LIVERMORE, Calif. -- Researchers at Lawrence Livermore National Laboratory have developed and
demonstrated a laboratory prototype miniature thin-film fuel cell power source, which provides
portable electrical power for a range of consumer electronics. With the LLNL fuel cell, a typical
cell phone battery could be projected to last more than 300 percent longer, extending standby time
from four days to two weeks, and talk time from six hours to two days.
The miniature fuel cell technology incorporates a thin film fuel cell and microfluidic
fuel processing components integrated into a common package. Using easy-to-store liquid
fuels, such as methanol, the fuel cell power module provides greater than three times longer
operating time than present rechargeable batteries.
"LLNL's fuel cell can be cheaper, smaller, with more energy capacity than any battery or
alternative fuel cell technology," said Jeff Morse of the LLNL Center for Microtechnology
"Additionally, the higher energy capacity of such a product will lead to further new
classes of personal electronics," Morse explained, "such as autonomous sensors and
communication devices that are not currently possible with existing battery technologies.
This will facilitate the integration of voice, data and computing technologies that cannot
be achieved with today's technologies."
The patented design and method for making thin-film fuel cells combines microcircuit
processes, microfluidic components, and micro-electrical-mechanical systems (MEMS) technology.
This solution provides the consumer a lighter-weight, longer-lasting power source for replacement
of existing rechargeable batteries.
Morse predicts the MEMS-based fuel cell power source will replace rechargeable batteries, such as
lithium-ion and lithium-ion polymer, in a range of consumer electronics, including cell phones,
handheld computers and laptops. The MEMS fuel cell is designed to be 50 percent of the cost with
30 percent of the weight, size or volume of existing rechargeable portable power sources.
"The MEMS-based fuel cell has been designed to compete with existing re-chargeable batteries in
their respective marketplaces," said Morse. Current estimates suggest a price of $1.50-$3 per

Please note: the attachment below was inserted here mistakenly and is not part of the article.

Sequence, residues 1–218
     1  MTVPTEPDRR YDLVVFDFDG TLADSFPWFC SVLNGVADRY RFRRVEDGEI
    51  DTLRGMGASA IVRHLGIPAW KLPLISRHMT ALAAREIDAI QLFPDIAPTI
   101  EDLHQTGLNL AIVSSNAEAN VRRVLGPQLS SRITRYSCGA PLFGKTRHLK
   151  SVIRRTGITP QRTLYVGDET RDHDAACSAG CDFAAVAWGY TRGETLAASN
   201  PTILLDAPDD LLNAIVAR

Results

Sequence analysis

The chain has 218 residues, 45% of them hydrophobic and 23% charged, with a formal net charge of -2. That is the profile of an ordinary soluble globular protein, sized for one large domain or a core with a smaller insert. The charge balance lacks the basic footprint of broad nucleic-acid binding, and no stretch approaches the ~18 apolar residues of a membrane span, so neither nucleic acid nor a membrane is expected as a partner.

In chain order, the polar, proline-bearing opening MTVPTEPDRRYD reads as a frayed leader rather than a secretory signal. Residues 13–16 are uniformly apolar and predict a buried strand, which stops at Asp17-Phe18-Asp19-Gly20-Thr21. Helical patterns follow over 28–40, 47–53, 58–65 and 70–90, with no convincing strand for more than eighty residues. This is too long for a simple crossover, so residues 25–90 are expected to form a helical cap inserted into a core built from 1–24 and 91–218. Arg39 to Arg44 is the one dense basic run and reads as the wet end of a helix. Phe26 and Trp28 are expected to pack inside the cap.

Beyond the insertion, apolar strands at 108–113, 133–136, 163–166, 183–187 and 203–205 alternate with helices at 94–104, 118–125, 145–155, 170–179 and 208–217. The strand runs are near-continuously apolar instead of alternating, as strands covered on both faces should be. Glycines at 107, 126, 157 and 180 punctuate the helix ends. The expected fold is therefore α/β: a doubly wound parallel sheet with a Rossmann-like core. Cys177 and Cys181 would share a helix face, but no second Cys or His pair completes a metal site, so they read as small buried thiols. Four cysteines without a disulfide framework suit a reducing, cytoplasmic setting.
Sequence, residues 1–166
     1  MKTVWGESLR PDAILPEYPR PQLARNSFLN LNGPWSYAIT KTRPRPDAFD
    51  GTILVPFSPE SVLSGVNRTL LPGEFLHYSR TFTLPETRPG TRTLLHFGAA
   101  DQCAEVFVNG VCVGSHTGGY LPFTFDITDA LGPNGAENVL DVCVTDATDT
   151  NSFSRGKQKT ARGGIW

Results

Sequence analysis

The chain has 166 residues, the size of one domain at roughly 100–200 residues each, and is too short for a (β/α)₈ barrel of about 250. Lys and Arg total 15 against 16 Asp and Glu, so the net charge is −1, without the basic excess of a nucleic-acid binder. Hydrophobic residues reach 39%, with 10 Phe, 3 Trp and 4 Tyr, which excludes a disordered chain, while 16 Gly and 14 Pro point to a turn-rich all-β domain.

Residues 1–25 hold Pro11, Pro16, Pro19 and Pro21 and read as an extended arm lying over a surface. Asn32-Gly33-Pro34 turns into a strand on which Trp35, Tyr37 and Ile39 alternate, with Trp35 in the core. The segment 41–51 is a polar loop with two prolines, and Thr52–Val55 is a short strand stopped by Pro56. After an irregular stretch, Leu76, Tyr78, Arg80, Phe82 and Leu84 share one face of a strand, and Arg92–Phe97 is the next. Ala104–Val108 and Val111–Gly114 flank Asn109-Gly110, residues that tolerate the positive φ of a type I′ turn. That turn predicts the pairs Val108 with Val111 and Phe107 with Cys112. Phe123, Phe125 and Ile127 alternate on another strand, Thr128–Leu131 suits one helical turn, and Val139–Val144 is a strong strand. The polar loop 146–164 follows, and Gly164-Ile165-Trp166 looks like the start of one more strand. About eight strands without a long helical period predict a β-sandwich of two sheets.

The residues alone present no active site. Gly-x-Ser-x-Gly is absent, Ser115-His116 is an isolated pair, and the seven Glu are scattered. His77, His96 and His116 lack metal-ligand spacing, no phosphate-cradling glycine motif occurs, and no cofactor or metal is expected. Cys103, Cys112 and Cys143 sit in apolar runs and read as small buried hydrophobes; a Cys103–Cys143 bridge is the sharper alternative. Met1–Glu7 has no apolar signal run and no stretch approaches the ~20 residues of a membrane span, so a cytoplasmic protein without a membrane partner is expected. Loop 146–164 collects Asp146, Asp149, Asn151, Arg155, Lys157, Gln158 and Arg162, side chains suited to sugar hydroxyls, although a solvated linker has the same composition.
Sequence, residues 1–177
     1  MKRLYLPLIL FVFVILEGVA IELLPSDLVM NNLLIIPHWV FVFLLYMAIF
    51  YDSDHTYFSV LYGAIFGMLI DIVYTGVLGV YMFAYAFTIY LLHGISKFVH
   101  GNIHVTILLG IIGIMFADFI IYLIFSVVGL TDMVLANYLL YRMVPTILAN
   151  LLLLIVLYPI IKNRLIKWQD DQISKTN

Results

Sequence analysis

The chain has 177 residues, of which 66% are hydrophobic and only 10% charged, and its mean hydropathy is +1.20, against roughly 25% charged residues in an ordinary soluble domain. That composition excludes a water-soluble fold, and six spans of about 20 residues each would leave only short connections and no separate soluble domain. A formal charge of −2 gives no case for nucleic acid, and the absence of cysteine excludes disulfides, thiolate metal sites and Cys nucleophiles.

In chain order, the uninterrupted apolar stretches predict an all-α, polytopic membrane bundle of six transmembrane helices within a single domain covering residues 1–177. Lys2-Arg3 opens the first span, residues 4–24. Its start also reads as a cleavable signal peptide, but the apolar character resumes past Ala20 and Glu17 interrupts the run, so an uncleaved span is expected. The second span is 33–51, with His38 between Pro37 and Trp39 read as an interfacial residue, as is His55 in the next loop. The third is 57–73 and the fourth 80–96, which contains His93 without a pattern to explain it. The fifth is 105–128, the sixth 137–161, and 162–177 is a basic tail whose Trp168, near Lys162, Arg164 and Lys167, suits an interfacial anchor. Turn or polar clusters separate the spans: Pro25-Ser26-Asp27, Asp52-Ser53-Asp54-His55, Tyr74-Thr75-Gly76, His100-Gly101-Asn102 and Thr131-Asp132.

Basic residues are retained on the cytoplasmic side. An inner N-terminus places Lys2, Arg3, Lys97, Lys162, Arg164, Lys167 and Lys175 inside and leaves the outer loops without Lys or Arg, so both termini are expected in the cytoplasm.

The fuel cells may also create a significant alternative to disposable batteries. They
could decrease the total number of batteries used by 50 percent, with a total cost of
over $2 billion per year, and vastly reduce the kilotons per year of waste generated by
these old technologies, many of them containing toxic metals requiring special disposal.
LLNL's miniature fuel cell product incorporates integrated microfluidic fuel distribution
architecture within a miniature fuel cell package. This feature enables the fuel cell to
operate from highly concentrated methyl alcohol fuel mixtures supplied from a replaceable
The impact to the consumer will be greater than three times longer periods between recharging
for initial products, with foreseeable improvements of up to 15 times longer. Furthermore,
recharging is instantaneous by simply plugging in a new fuel cartridge.
The heart of this miniature power source utilizes a thin layer of electrolyte material
sandwiched between electrode materials containing appropriately proportioned catalyst
materials. Microfluidic control elements distribute methyl alcohol fuel mixtures through a
silicon chip over one electrode surface while air is simultaneously distributed over the
other electrode. Integrated resistive heaters allow heating of the electrolyte-electrode
layers, thereby increasing the conduction of catalytically generated protons from the fuel
supply across the electrolyte to the air breathing electrode, where they combine with oxygen
to generate electrical current. Optimization of current output through control of the catalyst
and electrode surface area, and microfluidic fuel distribution, offer a miniature energy source
providing continuous power for greater than three times longer than existing rechargeable
The miniature fuel cell power source developed at LLNL will find applications in the complete range
of consumer electronics as a replacement for rechargeable batteries. These include cell phones,
personal digital assistants, laptops and other portable electronics.
Other applications include military electronics and sensors for remote and autonomous application
in which extremely long lasting power is required.
Morse will be speaking on this technology at the upcoming NanoSIG conference, Feb. 14,
hosted by LLNL.
Founded in 1952, LLNL is a national security laboratory with a mission to ensure national
security and apply science and technology to the important issues of our time. LLNL is managed by
the University of California for the National Nuclear Security Administration/ Department of Energy.
Note: This story has been adapted from a news release issued by Lawrence Livermore National
Laboratory for journalists and other members of the public. If you wish to quote from any part
of this story, please credit Lawrence Livermore National Laboratory as the original source. You
may also wish to include the following link in any citation: